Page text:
Back to basics


How are we adapting to the veterinarian labor shortage? By having effective teams.

How are we adapting to the veterinarian labor shortage? By having effective teams.

As this shortage compounds, we are seeing pressure on the rising cost of professional help.

Certainly one reason for the labor shortage is that most of us are unwilling to work the James Herriot style of medicine-available 24 hours a day, seven days a week.

Another issue that has caught me off guard is that many new graduates do not know how to clean a cage, perform many of the basic nursing duties, set up for a dental or activate an infusion pump.

And scarier yet, many veterinarians have no interest in such duties and adopt the "I do not do technician stuff..." attitude.

Table 1.

One way to solve the issue of skill weakness and motivation has been 100 percent compensation pay.

Solving the problem

Consider this example: A 14-year-old Irish Setter with geriatric vestibular syndrome gets $500 worth of X-rays, including hip films, $300 in lab tests and $100 in medications.

Certainly this true story is a dramatic example, yet this salary technique has become necessary for some businesses to survive.

It has been said that when incentive pay rises over 25 percent of the entire compensation package, then human behavior is affected.

Human HMOs and such incentive programs have clearly compromised human health care; too bad veterinary medicine is following suit.

Should anyone not believe the affect on human medicine? Read the medical and financially linked data provided in the last 15 years in the Wall Street Journal, the New England Journal of Medicine and the Journal of the American Medical Association.

Don't believe?

Such studies are not widely available for veterinary medicine, but honesty dictates that veterinarians are humans as are most medical doctors.

A basic rule of management is "do not tempt good people...," and, at the least, the 100 percent incentive pay is a temptation to both the employer and employee. (Like full page ads in the telephone book.)

Table 2.

So, what is the conscientious professional employer to do to address the veterinary labor shortage?

So, what to do?

Make sure that the practice has sufficient support staff to provide the services to the client.

Most of the veterinary management world now has accepted that gross veterinary revenue is linear with the numbers of support staff. Specifically, the national average of production per veterinarian is about $250,000, but doubles as numbers of trained staff are doubled.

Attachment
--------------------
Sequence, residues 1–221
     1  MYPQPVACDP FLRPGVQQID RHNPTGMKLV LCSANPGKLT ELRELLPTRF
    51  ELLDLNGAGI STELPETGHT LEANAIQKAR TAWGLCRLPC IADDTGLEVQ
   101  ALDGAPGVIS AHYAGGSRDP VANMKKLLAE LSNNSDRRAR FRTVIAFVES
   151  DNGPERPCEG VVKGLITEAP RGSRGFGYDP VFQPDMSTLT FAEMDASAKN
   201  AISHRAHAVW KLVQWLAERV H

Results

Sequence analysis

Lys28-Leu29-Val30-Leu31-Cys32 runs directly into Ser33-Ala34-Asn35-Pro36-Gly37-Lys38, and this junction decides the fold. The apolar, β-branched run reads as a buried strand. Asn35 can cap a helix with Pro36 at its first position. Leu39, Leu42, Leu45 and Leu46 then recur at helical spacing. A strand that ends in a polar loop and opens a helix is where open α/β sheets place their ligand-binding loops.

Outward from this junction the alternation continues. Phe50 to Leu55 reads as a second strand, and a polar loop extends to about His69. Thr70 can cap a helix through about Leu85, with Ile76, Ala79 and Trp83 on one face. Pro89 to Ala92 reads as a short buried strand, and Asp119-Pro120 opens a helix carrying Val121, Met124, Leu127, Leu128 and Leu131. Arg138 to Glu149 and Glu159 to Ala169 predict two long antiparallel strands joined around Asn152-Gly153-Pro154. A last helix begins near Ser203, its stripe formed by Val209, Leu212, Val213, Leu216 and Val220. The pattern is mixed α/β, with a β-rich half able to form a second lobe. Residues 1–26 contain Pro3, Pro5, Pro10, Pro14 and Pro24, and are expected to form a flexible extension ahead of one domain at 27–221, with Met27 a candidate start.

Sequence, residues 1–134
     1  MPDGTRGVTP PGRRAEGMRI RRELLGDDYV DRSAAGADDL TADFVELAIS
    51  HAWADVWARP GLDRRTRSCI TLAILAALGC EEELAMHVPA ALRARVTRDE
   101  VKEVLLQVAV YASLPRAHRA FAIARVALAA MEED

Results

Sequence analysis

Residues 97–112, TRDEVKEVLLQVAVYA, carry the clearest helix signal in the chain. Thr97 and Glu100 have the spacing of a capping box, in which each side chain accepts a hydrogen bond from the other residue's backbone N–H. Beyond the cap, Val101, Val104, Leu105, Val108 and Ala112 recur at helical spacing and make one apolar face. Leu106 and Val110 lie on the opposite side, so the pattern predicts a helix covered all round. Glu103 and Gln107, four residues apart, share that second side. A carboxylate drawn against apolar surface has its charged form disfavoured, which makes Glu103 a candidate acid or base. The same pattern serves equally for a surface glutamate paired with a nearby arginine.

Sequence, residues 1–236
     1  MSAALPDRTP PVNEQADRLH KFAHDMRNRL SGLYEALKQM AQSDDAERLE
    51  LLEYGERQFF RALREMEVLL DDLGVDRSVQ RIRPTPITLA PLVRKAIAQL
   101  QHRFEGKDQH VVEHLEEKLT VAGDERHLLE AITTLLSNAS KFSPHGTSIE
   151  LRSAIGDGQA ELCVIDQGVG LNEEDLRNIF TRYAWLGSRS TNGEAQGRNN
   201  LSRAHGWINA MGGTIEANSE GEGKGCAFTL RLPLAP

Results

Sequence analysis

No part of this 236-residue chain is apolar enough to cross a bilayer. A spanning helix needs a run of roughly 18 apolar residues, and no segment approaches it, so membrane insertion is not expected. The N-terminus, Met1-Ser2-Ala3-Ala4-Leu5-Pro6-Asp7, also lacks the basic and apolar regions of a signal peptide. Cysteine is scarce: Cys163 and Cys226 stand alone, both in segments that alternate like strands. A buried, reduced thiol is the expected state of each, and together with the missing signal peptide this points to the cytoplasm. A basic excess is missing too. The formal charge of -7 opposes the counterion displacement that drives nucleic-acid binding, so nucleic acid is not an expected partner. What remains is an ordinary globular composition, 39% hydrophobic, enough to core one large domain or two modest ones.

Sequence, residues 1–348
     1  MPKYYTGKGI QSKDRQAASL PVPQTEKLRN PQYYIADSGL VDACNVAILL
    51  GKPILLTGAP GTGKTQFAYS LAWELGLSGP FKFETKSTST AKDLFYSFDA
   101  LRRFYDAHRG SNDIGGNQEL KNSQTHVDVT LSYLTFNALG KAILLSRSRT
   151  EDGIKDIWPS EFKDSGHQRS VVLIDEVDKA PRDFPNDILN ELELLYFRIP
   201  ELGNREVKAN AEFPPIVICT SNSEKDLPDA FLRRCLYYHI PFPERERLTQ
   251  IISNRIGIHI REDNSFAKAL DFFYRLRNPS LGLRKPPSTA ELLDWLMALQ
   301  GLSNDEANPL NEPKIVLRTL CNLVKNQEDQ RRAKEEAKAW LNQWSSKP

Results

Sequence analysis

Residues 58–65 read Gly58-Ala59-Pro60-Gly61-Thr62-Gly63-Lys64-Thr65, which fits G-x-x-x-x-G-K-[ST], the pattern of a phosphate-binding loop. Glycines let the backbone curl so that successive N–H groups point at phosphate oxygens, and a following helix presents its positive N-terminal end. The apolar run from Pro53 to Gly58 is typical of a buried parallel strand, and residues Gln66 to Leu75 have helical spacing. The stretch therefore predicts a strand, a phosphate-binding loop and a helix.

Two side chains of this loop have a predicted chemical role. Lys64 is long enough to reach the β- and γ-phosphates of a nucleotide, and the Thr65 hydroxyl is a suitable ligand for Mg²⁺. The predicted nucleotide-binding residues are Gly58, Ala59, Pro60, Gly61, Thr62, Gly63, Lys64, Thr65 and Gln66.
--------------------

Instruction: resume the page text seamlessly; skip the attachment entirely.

A veterinarian who learns to delegate can generate $500,000.

With these numbers a practice can provide a good health plan and fair base pay, plus a humane incentive program.

Who are the staff members needed to achieve a balanced approach to providing veterinary services in the "sequencing" era? (Sequencing is defined as when a worker takes a few years off, possibly to have children, or pursue advanced education. See DVM Newsmagazine, October 2003, p. 46.)

Defining teams

Three types of folks are needed in a typical companion animal practice. We call them teams, and they include the technical team, front office team and infrastructure team.

The technical team (T-Team) responsibility rests specifically with patient care duties: cleaning cages, administering medication, acquiring laboratory data, supporting the veterinarian and, most importantly, keeping patients comfortable.

Table 3.

The front office team (FO-Team) responsibility includes admitting patients, releasing patients, figuring fees, answering the telephone, retrieving and filing medical records, and most importantly, keeping clients-the customers - happy.

The infrastructure team's (I-Team) responsibility includes practice management personnel, building and equipment maintenance, auditing, recall system, computer system responsibility, human resource duties, including health insurance issues and government paperwork.

A balance and cooperation is needed between these teams to assure compliance with all legal protocols associated with government rules and animal care ethics.

Our studies suggest that one FO-Team member is needed for each T-Team member and one infrastructure person is needed per 10 people, the 10th being the veterinarian(s).

The leader of the practice is the trump card that we see in practices that are thriving, in the eyes of the client and patient.

Trump card

The leader might be a veterinarian or a motivated support staff person.

The leader becomes the energy, the image, the heart and the engine of the practice.

For a $600,000 grossing practice as we present it here, two veterinarians can provide these services or one veterinarian can generate these veterinary services with the same staff.

Table 1 outlines an effective basic budget for the three-team practice. Table 2 outlines an effective professional compensation package with ties to direct patient care.

Support staff compensation (Table 2) illustrates pay priorities for the three-team practice. The central issue is that a living wage is key to retaining and attracting excellent staff members.

The typical distribution of staff (Table 3) provides a basic outline of staff positions needed to complete a wide array of client and patient care needs in the traditional veterinary practice.

As I discussed in my October column on sequencing, the profession is unlikely to find a whole bushel of veterinarians up to managing 40 patients per day, 200 days a year.

Thus, the heart of the sequencing scenario is the leader and the support staff. The staff and the leader are always present for the client, and they become the image and the face of the practice in the community.

With the three-team model everyone wins-client, patient, practice, veterinarian and support staff.

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